Canby, Oregon residents enjoy a wide variety of housing and the available options are growing. According to City Administrator, Scott McClure, “Over the next two years, we should have about 450 homes built, and within another year or two after that, probably another 200.” For its new and future residents, Canby offers many sports and youth activities, as well as recreation options for all ages including boating, cycling, fishing, and golf. The progressive Canby School District has a campus thriving with consistent investment in modern buildings and state-of- the-art technology, and the Technical Education Center equips students with valuable skills and exposure to many career options.

In the 1990’s, Canby, Oregon established an Urban Renewal District, in order to kick start the expansion of its industrial parks and the revitalization of its downtown business corridor. Tax increment financing (TIF) from the Urban Renewal District funds was initially invested in roads, power, water, and sewer for the industrial parks, which over the last 15 years, has increased the tax value of the land. The City used the funds to borrow against that value, which enabled the financing of several new downtown projects, including redone parking and street structures on First Ave., a community parking lot, a new Police Station, and the construction of a new, 35,000-square-foot building, which now houses the library, City Council Chambers, Community and Economic Development programs, the Finance Department, and City Administrative functions, freeing up four former civic buildings for redevelopment.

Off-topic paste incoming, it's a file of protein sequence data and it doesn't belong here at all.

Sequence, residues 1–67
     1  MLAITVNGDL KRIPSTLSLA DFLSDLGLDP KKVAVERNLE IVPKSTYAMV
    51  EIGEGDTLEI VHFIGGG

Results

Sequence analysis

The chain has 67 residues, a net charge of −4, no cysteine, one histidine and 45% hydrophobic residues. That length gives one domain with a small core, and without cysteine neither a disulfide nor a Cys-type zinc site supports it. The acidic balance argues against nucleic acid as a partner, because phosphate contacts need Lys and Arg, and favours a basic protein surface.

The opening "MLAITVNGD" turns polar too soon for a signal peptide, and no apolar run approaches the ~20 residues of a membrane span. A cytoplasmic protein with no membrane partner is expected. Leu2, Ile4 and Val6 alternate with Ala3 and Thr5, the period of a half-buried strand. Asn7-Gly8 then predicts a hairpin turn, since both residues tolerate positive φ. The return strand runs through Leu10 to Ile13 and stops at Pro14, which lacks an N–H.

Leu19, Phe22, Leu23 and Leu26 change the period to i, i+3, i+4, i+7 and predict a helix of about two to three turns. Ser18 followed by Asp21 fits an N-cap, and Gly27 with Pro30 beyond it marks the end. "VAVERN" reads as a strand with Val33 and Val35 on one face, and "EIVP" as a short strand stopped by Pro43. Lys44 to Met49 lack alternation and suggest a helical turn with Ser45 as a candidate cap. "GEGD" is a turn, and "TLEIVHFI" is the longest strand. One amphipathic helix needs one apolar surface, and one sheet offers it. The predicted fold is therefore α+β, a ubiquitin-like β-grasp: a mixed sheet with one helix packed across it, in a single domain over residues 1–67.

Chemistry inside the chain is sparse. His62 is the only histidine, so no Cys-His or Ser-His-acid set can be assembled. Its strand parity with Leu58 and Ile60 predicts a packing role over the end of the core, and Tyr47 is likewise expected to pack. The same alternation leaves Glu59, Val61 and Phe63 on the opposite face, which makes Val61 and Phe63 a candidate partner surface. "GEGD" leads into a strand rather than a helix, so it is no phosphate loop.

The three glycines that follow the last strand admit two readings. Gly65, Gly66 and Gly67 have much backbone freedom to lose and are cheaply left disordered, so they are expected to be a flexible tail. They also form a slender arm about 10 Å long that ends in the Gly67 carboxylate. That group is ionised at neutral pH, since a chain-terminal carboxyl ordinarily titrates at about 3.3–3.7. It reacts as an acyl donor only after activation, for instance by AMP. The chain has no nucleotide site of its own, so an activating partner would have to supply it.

According to Economic Development Director, Jamie Stickel, one of those buildings, the former library, is now being repurposed. “The idea is to have a hybrid public market that will have space for restaurants and retail and also some small office and conference from space in the back,” she explains, “so we can offer options for entrepreneurs or smaller businesses that don’t yet have a space; perhaps someone who might be looking to make a leap, say, from making jam in their garage and selling it at the farmers market, to having a brick and mortar location.” The City’s Economic Development Department applied for, and received, an Oregon Main Street Revitalization grant of $200,000 to assist in the redevelopment of the 11,000-sq.-ft. building.